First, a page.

Master's Thesis : Machine Learning Techniques for Money Laundering Detection
Promotor(s) : Geurts, Pierre
Date of defense : 7-Sep-2020/9-Sep-2020 • Permalink :
|Master's Thesis : Machine Learning Techniques for Money Laundering Detection
|Translated title :
|[fr] Techniques d'apprentissage automatique pour la détection du blanchiment d'argent
|Date of defense :
|Committee's member(s) :
|Number of pages :
|[en] money laundering
[en] machine learning
[en] imbalance problem
[en] data generation
[en] F1 score
[en] outlier detection
|Engineering, computing & technology > Computer science
|Université de Liège, Liège, Belgique
|Master : ingénieur civil en informatique, à finalité spécialisée en "management"
|Master thesis of the Faculté des Sciences appliquées
[en] Some economic phenomena have a significant negative impact on financial institutions. Money laundering is one of them. Money laundering is the processing of illicit funds into the financial system to make them appeared from legitimate sources. It is usually detected through rule based monitoring. Unfortunately, it does not exploit the potential of data. Machine leaning approaches learn automatically from data patterns that cannot be captured by rule-based ones. Money laundering in transaction logs are defined as an imbalance problem with regard to machine learning. The challenge is to detect few fraudulent transactions over a huge population which compose a financial database.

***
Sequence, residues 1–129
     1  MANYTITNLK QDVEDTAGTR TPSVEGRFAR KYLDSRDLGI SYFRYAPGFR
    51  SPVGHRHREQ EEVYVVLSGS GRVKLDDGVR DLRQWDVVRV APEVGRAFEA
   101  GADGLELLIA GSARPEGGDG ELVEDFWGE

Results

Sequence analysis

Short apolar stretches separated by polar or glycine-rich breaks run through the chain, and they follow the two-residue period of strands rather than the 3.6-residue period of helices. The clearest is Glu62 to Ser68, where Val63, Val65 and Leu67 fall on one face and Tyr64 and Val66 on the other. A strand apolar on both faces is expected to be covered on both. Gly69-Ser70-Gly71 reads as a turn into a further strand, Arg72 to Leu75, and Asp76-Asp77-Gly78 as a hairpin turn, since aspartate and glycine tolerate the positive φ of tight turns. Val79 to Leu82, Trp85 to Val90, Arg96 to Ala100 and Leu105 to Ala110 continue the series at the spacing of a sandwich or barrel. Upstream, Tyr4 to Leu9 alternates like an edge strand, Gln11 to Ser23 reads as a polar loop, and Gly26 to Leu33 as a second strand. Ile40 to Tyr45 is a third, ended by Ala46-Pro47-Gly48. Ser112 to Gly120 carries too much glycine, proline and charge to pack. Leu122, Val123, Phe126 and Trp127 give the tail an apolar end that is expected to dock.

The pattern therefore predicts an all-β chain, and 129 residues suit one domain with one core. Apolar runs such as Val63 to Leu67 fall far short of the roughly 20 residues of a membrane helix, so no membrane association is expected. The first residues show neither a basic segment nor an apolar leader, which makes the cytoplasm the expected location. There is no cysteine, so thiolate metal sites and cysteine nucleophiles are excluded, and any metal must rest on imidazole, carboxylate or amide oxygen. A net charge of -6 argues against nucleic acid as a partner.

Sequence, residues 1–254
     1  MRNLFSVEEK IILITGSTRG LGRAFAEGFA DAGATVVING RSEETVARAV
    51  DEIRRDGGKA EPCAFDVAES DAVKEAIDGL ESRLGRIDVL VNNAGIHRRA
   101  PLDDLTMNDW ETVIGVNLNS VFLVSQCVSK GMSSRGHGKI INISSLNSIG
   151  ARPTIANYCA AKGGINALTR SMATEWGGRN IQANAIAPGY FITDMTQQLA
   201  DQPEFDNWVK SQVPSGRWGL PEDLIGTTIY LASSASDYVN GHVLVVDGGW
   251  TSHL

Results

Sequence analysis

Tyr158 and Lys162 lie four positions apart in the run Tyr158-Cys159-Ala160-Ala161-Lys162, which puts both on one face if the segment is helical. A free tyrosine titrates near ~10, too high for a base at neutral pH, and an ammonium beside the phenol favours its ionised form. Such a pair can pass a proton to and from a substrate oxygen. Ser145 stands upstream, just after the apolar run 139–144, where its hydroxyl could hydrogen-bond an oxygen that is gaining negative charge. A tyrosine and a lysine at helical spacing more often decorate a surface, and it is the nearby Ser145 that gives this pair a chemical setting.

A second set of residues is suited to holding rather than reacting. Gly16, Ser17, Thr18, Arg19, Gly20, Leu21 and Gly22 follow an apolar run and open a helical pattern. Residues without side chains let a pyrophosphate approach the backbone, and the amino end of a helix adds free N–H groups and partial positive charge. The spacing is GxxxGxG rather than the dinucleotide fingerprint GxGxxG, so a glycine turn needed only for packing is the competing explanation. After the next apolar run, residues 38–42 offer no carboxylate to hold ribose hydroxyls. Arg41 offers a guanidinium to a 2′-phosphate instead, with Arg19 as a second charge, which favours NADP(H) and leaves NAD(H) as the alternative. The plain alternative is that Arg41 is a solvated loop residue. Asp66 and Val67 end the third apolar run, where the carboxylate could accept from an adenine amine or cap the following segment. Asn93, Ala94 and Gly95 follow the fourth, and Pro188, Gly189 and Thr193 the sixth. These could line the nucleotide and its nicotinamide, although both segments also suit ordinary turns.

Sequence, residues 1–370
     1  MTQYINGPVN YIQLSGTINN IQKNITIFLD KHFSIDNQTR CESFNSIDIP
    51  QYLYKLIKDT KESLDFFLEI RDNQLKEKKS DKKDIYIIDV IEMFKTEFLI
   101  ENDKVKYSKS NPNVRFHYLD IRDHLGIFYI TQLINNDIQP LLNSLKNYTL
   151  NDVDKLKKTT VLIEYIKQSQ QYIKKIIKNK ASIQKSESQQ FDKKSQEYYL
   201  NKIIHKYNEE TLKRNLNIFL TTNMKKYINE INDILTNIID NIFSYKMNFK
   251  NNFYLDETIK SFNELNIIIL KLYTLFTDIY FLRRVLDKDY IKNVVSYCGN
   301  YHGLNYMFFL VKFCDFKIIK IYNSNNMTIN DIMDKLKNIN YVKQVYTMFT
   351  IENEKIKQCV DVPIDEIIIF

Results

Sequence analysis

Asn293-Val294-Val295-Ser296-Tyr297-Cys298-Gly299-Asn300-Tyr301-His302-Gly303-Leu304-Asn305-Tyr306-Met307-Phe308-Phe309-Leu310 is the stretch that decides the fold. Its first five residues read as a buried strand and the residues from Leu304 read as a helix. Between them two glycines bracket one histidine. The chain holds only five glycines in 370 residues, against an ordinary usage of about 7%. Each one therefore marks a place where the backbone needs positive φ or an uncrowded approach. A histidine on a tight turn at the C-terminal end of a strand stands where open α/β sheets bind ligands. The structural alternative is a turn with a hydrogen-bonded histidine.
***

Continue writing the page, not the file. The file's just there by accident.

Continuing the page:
This thesis presents the design of a simulator for transaction data generation to answer to the lack of available data needed for machine learning algorithms. Then a theoretical research has been done in order to identify machine learning algorithm designed for classification problem with skew class distribution. The machine learning models which have been selected from this research are the Hellinger Distance Decision Tree (HDDT), the Isolation Forest (iForest), the One-Class SVM (ocSVM) and an approach based on successive hypothesis testing using the Fisher, George and Pearson methods.
These approaches have been tested over synthetic data from the simulator. The model with the highest F1 score is a Random Forest composing of fully expended decision trees using the Gini split criterion. The second best performing model was the Isolation Forest.
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